Scam warning issued ahead of Cyber Monday

Customers have been warned about potential scams ahead of an expected surge in online shopping fo...
Jack Quann
Jack Quann

09.07 27 Nov 2019

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Scam warning issued ahead of C...

Scam warning issued ahead of Cyber Monday

Jack Quann
Jack Quann

09.07 27 Nov 2019

Share this article

Customers have been warned about potential scams ahead of an expected surge in online shopping for so-called Cyber Monday.

Over €4bn of online purchases using cards is expected between November and December.

An Garda Síochána and FraudSMART have issued a strong warning to consumers to be extra cautious.


They are being urged to make purchases using only secure websites, where 'https' and a padlock symbol are on display.

They should not use public Wi-Fi when making payments - and switch to 3G/4G if necessary.

They are also being advised to independently visit the website of the online sales company, as opposed to clicking on social media or pop-up adverts.

People should also be cautious about claiming outrageous offers: if it sounds too good to be true, it probably is.

And they should stick to well-known websites, websites that they are familiar with - or those associated with high street retail outlets. A woman uses a laptop to browse the Amazon website | Image: Tim Goode/PA Archive/PA Images

Almost €12bn was spent using cards between November and December last year, with well over €4bn of that spend accounted for e-commerce.

Purchasing online is growing among Irish consumers: €41.3bn of purchases were made with cards in the first nine months of this year - with some €20.1bn of that spending carried out online.

Detective Chief Superintendent Pat Lordan, of the Garda National Economic Crime Bureau, said: "As the pre-Christmas rush draws thousands of shoppers online, we urge that people be aware of the potential for fraud, whether they are buying or selling a product.

"People should be particularly careful when high value products are offered at prices significantly under market value and when there is a demand for payment in advance to a person or entity that are not known or not clearly identifiable".

Olivia Buckley, head of fraud prevention FraudSMART, added: "In the region of 75% of all card fraud occurs online, so serious caution is required when purchasing goods or services.

"The large volumes of online purchases expected to be made this week means fraudsters will be attempting to lure consumers into fraudulent websites, while posing as authentic suppliers.

"The most popular goods purchased online are clothes and sportswear, along with household goods".

Common scams

The following are the most common fraud scams used to try and get card details.

Phishing is where criminals send unsolicited e-mails to individuals which purport to have been sent from genuine businesses or individuals.

The purpose of these is to get the individuals to reveal personal information - such as payment card details, bank account numbers and personal security data.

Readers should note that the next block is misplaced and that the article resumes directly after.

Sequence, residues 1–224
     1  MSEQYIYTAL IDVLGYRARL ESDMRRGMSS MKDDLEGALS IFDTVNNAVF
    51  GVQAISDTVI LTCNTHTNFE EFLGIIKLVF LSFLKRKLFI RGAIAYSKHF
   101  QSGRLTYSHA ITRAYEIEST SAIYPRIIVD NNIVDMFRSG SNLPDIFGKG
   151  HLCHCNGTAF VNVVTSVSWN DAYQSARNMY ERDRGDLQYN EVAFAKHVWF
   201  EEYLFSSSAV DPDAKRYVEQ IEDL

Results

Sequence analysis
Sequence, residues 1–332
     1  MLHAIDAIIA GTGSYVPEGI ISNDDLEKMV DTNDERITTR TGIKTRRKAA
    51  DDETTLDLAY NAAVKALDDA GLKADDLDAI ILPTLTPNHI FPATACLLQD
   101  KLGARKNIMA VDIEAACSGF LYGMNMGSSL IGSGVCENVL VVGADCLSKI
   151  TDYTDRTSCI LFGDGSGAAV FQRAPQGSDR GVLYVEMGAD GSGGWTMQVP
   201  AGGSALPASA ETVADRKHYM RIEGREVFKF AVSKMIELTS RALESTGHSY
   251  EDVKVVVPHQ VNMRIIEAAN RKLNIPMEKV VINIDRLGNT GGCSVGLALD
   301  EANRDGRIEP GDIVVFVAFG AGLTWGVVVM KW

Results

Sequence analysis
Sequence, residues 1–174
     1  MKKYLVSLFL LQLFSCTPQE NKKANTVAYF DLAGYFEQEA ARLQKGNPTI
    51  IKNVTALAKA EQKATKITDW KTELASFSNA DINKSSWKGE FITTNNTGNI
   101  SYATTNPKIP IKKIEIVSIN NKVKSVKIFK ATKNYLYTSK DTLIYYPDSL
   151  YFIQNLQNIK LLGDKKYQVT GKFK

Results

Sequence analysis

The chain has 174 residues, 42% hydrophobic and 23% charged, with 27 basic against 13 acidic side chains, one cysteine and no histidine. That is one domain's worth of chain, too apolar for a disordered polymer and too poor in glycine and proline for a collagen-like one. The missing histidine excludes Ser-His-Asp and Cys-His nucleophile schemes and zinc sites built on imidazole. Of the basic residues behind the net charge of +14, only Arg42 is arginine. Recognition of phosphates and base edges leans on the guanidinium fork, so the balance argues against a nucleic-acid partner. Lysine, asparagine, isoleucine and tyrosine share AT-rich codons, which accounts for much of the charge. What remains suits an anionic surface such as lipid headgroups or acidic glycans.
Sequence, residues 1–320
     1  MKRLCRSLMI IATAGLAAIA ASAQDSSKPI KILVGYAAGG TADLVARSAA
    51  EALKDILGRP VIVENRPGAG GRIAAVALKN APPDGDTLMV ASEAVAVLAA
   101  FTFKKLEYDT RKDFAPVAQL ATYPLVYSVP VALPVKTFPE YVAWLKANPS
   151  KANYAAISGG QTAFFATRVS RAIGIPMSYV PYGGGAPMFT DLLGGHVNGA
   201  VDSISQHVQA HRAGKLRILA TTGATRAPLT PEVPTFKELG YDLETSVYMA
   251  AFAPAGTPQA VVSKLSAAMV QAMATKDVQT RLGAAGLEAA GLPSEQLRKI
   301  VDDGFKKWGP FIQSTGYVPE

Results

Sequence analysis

Phishing e-mails usually appear to have been sent from a bank or financial institution, and instruct the person to follow a link to a fraudulent website which requests personal information.

Vishing, or voice phishing, happens over the phone in order to obtain personal, financial or security data from people.

While smishing - or SMS phishing - is a phishing attack whereby a mobile phone user receives a text message which purports to have been sent from a genuine business or individual.

This message attempts to get the person to follow a link to a website which appears to be legitimate, but is under the control of a criminal organisation.

This website then requests personal and financial information.

Guaranteed Irish

Meanwhile, Guaranteed Irish is calling on shoppers to consider their impact on local jobs.

It is reminding consumers to be conscious of Black Friday's impact on homegrown businesses, and to shop local where possible.

According to the Central Statistics Office (CSO), September saw a month-on-month 2% increase of retail sales and an increase of 2.1% in the annual figure - excluding motor sales.

Retail Ireland reports the average Irish household spent €2,690 over the 2018 Christmas period, a third consecutive annual increase for year-on-year spending.

Brid O'Connell, Guaranteed Irish CEO, said: "Guaranteed Irish members collectively employ 73,000 people nationwide.

"As a brand, Guaranteed Irish represents all that is good about Ireland - so look out for it.

"By supporting Guaranteed Irish businesses, you are retaining jobs in your community and supporting your local economy. We ask you to consider this, whether buying on- or offline."

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An Garda Síochána Clothes Cyber Monday. FraudSMART Household Goods Https Olivia Buckley Online Purchases Online Sales Online Shopping Pat Lordan Phishing Secure Websites Smishing Sportswear Vishing Wi-Fi

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